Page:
What it means to be Latino: second part of an interview with author Richard Rodriguez.

Author:Trevino, Joseph
Position:The Latino agenda - Interview
 
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In our second of two-part interview with Richard Rodriguez, America's best essayist holds nothing back.

Born in Sacramento, California, in 1944, Rodriguez became part of American literature with Hunger of Memory, his autobiography about growing up in both worlds, telling us the price one has to pay for becoming assimilated; the loss of family, the vicissitudes of loneliness, the growing pains of leaving the womb of a private, homely life for the brusque, often savage arms of a public one.

An essayist for PBS, a former opinion writer for the Los Angeles Times and for many magazines, Rodriguez is currently promoting Darling, a Spiritual Autobiography.

Latino Leaders caught up with Mr. Rodriguez at his home in San Francisco. Our publication has done thousands of interviews lately in search of what it means to be Latino, of a Latino agenda (if there is one) and where we should go from here.

In our second part (the first part was published in our OctoberNovember, 2015 issue), Rodriguez talks about Latino sensuality, our rabid adherence to family and why we are perishing due to fear.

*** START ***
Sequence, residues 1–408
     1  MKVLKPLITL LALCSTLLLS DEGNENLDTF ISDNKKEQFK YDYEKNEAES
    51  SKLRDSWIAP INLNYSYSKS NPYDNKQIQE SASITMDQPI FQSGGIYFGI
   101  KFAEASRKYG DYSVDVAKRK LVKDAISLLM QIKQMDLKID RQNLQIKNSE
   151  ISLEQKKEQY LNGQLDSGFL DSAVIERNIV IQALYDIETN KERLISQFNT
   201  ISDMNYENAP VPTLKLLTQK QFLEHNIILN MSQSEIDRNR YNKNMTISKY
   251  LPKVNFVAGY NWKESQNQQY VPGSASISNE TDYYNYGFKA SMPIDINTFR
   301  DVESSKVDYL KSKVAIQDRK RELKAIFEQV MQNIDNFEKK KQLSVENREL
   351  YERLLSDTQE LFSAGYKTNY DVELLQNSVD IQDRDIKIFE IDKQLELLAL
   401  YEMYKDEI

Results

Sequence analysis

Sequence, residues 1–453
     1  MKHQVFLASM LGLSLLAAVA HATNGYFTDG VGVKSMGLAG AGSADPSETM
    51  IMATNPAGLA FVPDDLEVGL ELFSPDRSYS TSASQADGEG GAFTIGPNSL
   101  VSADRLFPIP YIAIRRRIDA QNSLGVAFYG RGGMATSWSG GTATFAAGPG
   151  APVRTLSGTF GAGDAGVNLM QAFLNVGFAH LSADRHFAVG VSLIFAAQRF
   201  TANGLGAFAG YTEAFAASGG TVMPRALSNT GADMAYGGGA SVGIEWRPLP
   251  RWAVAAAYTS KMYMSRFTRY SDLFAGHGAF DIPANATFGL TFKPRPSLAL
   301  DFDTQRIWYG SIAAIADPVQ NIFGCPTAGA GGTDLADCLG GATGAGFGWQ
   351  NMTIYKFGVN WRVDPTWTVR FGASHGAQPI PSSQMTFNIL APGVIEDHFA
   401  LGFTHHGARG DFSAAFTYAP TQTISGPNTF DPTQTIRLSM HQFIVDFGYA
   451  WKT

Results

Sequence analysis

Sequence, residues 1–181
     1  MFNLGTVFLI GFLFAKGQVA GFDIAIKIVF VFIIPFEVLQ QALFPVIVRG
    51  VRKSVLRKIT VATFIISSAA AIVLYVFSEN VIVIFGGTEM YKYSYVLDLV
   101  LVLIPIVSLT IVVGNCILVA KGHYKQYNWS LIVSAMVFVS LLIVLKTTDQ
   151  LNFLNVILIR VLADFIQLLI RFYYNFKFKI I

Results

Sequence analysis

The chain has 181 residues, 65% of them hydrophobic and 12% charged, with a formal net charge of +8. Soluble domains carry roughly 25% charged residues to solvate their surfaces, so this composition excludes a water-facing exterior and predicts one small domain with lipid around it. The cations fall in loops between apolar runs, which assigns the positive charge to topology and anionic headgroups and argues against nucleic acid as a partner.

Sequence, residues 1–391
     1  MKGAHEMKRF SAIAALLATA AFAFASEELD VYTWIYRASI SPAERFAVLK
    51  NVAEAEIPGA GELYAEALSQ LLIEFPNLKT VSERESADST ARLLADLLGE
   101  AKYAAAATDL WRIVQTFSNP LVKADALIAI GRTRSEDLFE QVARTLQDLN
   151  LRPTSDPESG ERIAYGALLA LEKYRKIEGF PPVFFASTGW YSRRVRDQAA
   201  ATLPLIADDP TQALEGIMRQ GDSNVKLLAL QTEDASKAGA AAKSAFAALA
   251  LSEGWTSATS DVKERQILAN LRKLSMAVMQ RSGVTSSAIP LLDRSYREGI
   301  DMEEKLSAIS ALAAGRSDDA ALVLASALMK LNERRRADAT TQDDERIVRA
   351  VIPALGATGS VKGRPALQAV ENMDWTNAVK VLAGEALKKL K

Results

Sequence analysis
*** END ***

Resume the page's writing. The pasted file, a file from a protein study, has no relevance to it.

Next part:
JT--There seems to be racism as a non-going thing in the history in the US where are we going as a countiy in this issue?

RR--There is dialectic in America between Canada and Mexico and the two directions of both countries as they play on us. From Canada we got multiculturalism. Canada invented multiculturalism and is a very liberal notion Pierre Elliott Trudeau came up with multiculturalism and its respectful of variety that in this country you don't have to be Anglo, you don't have to be French, you can be Cambodian and be truly Canadian, that is what multiculturalism expresses. In the American classrooms now multiculturalism is basic to the way a schooling gets conducted because there will be 70, 80, 90 language groups in the school, so everyone talks about the school as being multicultural. Well I'm not Canadian, my understanding of life comes from Mexico, and Mexico's notion was a much more erotic notion that is that people fall in love with each other. Or people rape each other, or people go on dates and end up with a baby that they didn't intend. That there is an erotic energy in the world, not simply batdes, but also romance. Latin America is a sensual place. Much concerned with music and food because that is how people exist. Nobody says to you today let's go to a Canadian restaurant tonight, what would this Canadian restaurant serve? They would serve water, lots of good clean water. But people say lets go to a Mexican restaurant even if they don't like Mexican...

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